double-spaced printed pages (plus appendices and a title page) and will be
stapled once in the upper left hand corner. (No report covers, please.) The appropriate style is that of an
executive brief prepared for the chief executive officer — clear, concise, to the point, devoid of unnecessary
background material; but nevertheless, complete, self-contained, logically consistent and well-supported
with technical appendices. Your assumptions must be listed and justified, either in the text or in the first
Executive briefs are written in a style that is quite different from academic term papers. By far the
most significant difference is that executive briefs must be self-contained. That is, the reader should
never be forced to interrupt his/her reading of the paper. If the reader must refer to an attached
appendix to follow (or completely understand) your executive brief, then the paper is not self-
contained. In many cases you will include one or more spreadsheets as appendices. Generally, only
summary data from these spreadsheets will be of immediate interest to the CEO. These summary data
should be presented as exhibits in the body of the paper. Exhibits should generally be either short
tables or graphs and should indicate the source of the data (appendix or external source).
The purpose of technical appendices is to provide the detail necessary to validate the important results
presented in your brief. Thus, from the reader’s viewpoint, the appendices are reference material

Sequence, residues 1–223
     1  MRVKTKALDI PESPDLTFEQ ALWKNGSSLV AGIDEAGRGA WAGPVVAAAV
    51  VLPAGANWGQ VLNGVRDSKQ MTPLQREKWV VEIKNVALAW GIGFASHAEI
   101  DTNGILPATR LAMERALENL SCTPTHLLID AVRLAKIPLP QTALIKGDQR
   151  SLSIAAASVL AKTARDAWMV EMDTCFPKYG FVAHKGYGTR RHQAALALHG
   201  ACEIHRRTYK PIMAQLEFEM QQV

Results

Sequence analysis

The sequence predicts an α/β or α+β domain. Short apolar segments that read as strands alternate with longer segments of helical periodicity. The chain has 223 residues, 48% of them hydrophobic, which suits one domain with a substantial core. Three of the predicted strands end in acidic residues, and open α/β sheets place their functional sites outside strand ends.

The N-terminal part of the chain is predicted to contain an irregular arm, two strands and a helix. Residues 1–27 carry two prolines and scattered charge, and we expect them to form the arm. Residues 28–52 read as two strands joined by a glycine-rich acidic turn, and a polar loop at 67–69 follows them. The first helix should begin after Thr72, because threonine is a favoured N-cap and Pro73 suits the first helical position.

(optional). If you are having difficulty visualizing what is meant by self-contained, ask yourself this
question. Would the development and the important results and conclusions of my analysis be
completely understandable to a high-level executive if the appendices were removed?
Although the appendices may, or may not, be examined by the executive reading your report, they are very
important for the purpose of validating your analysis. The CEO will usually have his or her technical staff go
over your analysis in detail. It is very important that the models contained in your spreadsheets be well
documented. Use variable names wherever possible. For example, SALES IN YEAR 1 is much more
understandable than B3. Have sufficient notes in the body of each appendix to explain the assumptions and the
calculations contained therein. What is being done in this spreadsheet? What should the reader be told to help
understand the model developed here?
Spreadsheet analysis is an essential part of this course. You are always expected to use sensitivity
and/or scenario analysis to test the robustness of your results to variations in the critical assumptions
underlying your analysis.